1Once while Jesus was standing beside the lake of Gennesaret, and the crowd was pressing in on him to hear the word of God, 2he saw two boats there at the shore of the lake; the fishermen had gone out of them and were washing their nets. 3He got into one of the boats, the one belonging to Simon, and asked him to put out a little way from the shore. Then he sat down and taught the crowds from the boat. 4When he had finished speaking, he said to Simon, “Put out into the deep water and let down your nets for a catch.” 5Simon answered, “Master, we have worked all night long but have caught nothing. Yet if you say so, I will let down the nets.” 6When they had done this, they caught so many fish that their nets were beginning to break. 7So they signaled their partners in the other boat to come and help them. And they came and filled both boats, so that they began to sink. 8But when Simon Peter saw it, he fell down at Jesus’ knees, saying, “Go away from me, Lord, for I am a sinful man!” 9For he and all who were with him were amazed at the catch of fish that they had taken; 10and so also were James and John, sons of Zebedee, who were partners with Simon. Then Jesus said to Simon, “Do not be afraid; from now on you will be catching people.” 11When they had brought their boats to shore, they left everything and followed him.

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Everybody has an origin story, whether you’re a comic book superhero or a complex person in the flesh. I’ve always been fascinated with the stories of how they got from Point A to Point B and the many stops along the journey. I often wonder if they ever thought, when they began the journey, they would end up where they were. Nelson Mandela, for example, began his life as a cattle-boy, tending the herds outside his village of Qunu in British controlled South Africa. He was the first in his family to have a formal education, having been sent to a missionary run school at the age of 7. Eventually, after graduating, he found work as a mine worker, a clerk at a law office, before becoming a lawyer himself. He took up the cause of the African National Congress and their work to gain independence from the British and the racist apartheid policies. This was why he was arrested multiple times. Still, he persisted, he used what skills and tools he had available to him, and he continued to support the cause of South African independence and oppose systemic racial oppression. Once the apartheid government fell in April of 1994, he was elected president. Of course, this is just the highlight reel of his life – his story is much more complex than what I’ve just described – but the reality is that a cattle-boy became president of a newly liberated country. He lived by the principle of one of my favorite quotes from him: “What counts in life is not the mere fact that we have lived; it is what difference we have made to the lives of others that will determine the significance of the life we lead.”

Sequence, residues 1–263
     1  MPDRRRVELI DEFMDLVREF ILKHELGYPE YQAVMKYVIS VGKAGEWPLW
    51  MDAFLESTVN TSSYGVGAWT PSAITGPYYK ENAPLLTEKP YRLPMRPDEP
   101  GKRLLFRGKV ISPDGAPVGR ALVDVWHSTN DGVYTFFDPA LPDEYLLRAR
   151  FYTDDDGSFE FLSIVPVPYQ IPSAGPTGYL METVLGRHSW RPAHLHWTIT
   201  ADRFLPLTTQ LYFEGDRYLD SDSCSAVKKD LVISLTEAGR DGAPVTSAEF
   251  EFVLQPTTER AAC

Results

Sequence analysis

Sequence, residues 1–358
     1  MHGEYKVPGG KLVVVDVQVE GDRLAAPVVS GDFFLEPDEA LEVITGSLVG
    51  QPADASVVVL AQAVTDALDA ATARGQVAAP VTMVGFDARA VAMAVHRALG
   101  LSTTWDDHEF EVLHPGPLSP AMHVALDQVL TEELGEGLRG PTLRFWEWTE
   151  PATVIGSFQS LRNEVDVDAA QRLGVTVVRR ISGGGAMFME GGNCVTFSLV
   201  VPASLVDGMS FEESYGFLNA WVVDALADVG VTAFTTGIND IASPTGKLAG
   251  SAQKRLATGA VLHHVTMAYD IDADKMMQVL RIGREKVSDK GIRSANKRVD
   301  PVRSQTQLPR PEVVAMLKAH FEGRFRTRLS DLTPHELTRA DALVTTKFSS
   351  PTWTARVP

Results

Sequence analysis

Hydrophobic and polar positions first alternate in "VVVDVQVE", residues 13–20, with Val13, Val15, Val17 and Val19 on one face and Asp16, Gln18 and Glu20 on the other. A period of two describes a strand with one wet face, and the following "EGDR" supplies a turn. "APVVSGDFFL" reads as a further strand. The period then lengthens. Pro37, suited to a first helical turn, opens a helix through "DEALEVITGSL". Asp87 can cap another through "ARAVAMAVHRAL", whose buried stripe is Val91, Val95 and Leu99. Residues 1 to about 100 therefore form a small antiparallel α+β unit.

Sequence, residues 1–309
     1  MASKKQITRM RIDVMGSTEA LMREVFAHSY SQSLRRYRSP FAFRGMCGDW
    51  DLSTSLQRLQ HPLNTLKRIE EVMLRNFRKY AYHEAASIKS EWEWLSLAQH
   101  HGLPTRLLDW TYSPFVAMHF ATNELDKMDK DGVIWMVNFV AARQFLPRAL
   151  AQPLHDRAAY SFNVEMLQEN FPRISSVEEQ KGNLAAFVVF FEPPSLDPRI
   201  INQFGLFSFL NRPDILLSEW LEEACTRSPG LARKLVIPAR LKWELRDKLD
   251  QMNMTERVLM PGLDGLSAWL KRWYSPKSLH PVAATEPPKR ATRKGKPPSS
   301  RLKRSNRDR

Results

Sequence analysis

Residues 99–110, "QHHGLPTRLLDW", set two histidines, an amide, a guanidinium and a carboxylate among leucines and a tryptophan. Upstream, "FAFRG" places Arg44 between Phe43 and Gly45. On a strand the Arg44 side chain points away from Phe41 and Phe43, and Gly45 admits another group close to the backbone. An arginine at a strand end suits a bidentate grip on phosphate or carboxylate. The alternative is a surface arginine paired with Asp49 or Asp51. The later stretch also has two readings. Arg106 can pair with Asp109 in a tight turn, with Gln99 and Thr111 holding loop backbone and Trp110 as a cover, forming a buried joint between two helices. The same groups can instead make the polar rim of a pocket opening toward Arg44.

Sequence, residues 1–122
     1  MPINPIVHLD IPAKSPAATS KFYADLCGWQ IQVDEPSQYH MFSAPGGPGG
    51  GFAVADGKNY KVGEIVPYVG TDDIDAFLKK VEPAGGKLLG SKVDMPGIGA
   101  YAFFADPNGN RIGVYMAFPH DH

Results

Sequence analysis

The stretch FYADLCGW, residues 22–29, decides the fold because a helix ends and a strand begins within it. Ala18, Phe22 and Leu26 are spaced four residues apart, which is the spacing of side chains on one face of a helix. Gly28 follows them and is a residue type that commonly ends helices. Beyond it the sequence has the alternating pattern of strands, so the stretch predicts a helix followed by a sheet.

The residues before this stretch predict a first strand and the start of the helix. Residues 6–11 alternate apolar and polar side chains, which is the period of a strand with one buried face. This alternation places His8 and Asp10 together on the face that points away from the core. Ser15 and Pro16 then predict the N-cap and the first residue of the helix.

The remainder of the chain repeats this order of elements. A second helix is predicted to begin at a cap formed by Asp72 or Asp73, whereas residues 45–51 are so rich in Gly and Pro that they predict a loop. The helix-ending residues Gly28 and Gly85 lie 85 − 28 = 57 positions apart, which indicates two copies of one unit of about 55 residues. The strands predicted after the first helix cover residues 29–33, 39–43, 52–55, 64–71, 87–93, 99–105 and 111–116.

I believe we have some other examples of this sort of story in our readings today. We find Isaiah, a man who feels utterly unclean and inadequate becomes a powerful prophet. Paul, the apostle who was once a sworn enemy of Christianity. And Simon Peter, James, and John, simple fisherman who came face-to-face with Jesus and accepted his invitation. Each of these people have found themselves somewhere they, by all rights, ought not to be. Yet, they are remembered and here, 2000+ years later, we are gathering and pondering how God used them and how they show us God’s love and glory.

This is just one more way in which God upends the way we think the world works. It is easy to look at the end results and believe that they were always that way – always a prophet, always a king, always a disciple, always powerful, always faithful – but we are reminded time and time again that God is in the business of surprising us.

Nowhere is that seen more clearly than in the person of Jesus Christ. Our gospel reading shows him turning the tables. He is preaching from a boat to the crowds who followed him and, when he is done, he tells the men kind enough to lend him their boat to throw in their nets. But the thing is that you didn’t fish during the day. They had just fished all night, Simon Peter tells him, and they caught nothing. In the heat of the day, fish swim deep to keep cool. It is only at night that they come up and are accessible to the nets the fisherman used. It made no sense to cast nets now – they were tired, they were hot, and they were probably just ready to sleep off their unsuccessful night. But they were as obedient as they were hospitable, and they cast their nets. What follows is so unexpected that they are immediately convinced of Jesus’ power and they drop everything and follow him.